A thing was crouched on the jagged rim of the nearest wall. It was barely two arm’s lengths away and it was looking down on Caewen and Dapplegrim. It seemed at first to be made of tattered shadows, but Caewen looked closer and saw that the tendrils flagging in the wind were not flesh, but were mere rags of a dark silken cloth. Incongruous with its rags, the creature wore an elaborate crown strung together from carved fingerbones, yellowed and cut with runes. Mostly, it was human in form and proportion; it had arms and legs, a head and probably a body too under all those rags. Grey flesh clung to its face and its eyes were bulging and shining. When it opened its mouth Caewen saw what seemed to be flames flickering deep in its throat. The goule rose, and stood now fully upright. Its arms became more fully visible: too long for human limbs, too gangly, and too tapering, with stick-like fingers and black claws.
It leapt towards them, shrieking. Caewen didn’t have time to draw her sword. She was knocked from the saddle as the thing flung itself into her. It’s weight slammed her into hard earth, crushing the air out of her lungs, suffocating her under a mass of rotten cloth and flesh. The goule clawed at Caewen’s face, but she moved quickly, twisting to the left and squirming free even as she gasped for air.
The goule did not press its attack and Caewen wondered why. Her thoughts regathered themselves and then she saw Dapplegrim was snapping and, quite unnaturally for a horse, snarling at the creature, backing it away from her. The goule circled Dapplegrim slowly. It seemed to be limping. The Goule feigned an attack, jumped away, clung to a wall, and then sprang at Caewen again right over Dapplegrim’s head. It seemed determined to kill her and avoid Dapplegrim altogether if it could.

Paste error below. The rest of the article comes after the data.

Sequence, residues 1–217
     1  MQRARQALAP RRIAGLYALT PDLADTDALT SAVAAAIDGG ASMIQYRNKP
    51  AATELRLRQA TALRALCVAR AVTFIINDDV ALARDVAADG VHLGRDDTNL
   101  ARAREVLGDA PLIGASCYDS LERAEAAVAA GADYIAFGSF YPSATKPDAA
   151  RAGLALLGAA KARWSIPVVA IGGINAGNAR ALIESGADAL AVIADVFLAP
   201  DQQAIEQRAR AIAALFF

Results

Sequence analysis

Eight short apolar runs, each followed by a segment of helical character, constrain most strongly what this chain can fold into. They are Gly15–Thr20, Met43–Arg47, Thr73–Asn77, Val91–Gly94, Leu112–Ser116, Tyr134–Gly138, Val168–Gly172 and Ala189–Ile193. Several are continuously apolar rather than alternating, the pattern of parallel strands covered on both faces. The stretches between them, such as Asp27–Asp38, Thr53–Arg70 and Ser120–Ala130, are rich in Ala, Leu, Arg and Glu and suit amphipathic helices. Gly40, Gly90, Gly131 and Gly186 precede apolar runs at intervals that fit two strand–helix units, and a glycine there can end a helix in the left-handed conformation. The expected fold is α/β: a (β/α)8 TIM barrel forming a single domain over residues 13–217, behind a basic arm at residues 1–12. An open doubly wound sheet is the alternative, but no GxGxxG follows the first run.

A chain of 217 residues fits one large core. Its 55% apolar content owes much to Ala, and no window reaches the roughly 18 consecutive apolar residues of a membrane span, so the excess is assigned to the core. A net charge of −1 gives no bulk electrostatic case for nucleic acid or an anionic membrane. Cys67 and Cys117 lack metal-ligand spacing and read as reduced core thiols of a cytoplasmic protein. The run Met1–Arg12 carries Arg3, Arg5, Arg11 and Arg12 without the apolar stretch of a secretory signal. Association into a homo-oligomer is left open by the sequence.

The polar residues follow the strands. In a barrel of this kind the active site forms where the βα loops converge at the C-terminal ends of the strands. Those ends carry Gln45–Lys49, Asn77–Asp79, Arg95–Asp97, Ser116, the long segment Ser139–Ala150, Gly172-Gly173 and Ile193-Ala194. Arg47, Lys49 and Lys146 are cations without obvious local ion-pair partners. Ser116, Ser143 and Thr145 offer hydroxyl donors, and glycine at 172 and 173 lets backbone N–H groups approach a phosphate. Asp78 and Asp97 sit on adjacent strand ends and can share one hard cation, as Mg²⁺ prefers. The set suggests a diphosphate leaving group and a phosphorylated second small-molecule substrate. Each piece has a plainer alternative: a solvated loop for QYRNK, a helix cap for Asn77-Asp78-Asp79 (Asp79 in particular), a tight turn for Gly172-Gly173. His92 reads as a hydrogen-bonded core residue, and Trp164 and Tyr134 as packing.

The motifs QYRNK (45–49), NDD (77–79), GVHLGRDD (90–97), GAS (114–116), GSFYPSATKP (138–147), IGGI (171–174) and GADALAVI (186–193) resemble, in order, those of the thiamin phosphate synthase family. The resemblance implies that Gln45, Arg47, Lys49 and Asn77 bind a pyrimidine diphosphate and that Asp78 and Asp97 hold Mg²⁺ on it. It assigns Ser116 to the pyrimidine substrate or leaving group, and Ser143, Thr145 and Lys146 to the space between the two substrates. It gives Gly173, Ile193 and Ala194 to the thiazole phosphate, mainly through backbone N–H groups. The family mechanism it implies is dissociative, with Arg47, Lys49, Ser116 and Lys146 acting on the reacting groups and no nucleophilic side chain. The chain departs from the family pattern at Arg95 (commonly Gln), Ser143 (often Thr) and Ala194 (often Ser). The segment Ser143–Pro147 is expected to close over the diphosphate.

This time Caewen was ready. She tugged her sword loose and she swung it clumsily overhead. The goule dodged. She went at it again, and again, blindly. Every swipe was a wild miss but she swung and thrust full of sheer fear and rage, cutting and slashing and stabbing. Despite her attacks, the goule was able to edge around her and press her up against a wall. They were on rougher ground now. The fight moved onto sharp, tumbled rocks and Dapplegrim wasn’t able to follow them. He bucked about, yelling instructions that Caewen couldn’t make out.
The goule’s claws caught Caewen’s wrist, twisted and dug in drawing blood. The sword slipped in her fingers and Caewen felt her fear become an icicle in her gut. There was a clinkering noise as the blade bounced off rocks somewhere below. The goule grinned and drew itself up to its full height. It lunged, but missed. Caewen got under the claws, squirmed away and fled the only way left to her: up the side of the wall she was pinned to. She climbed, found a perch, jumped to a higher rocky ledge, then climbed some more. She could hear the sounds of heavy clawing coming after her.
Exhausted, hands bleeding, barely able to breath, Caewen reached the top. She pulled herself over the lip, and fell about a foot onto hard stone. Pain shot through her shoulder where she hit rock. She looked around and saw there was nowhere left to climb. She had just crawled up the last vestige of some ancient battlement. The ruin was so old that trees were growing out of cracks in the mortar, grown to old age themselves and long-since dead. Fallen branches and trunks lay scattered atop the battlements.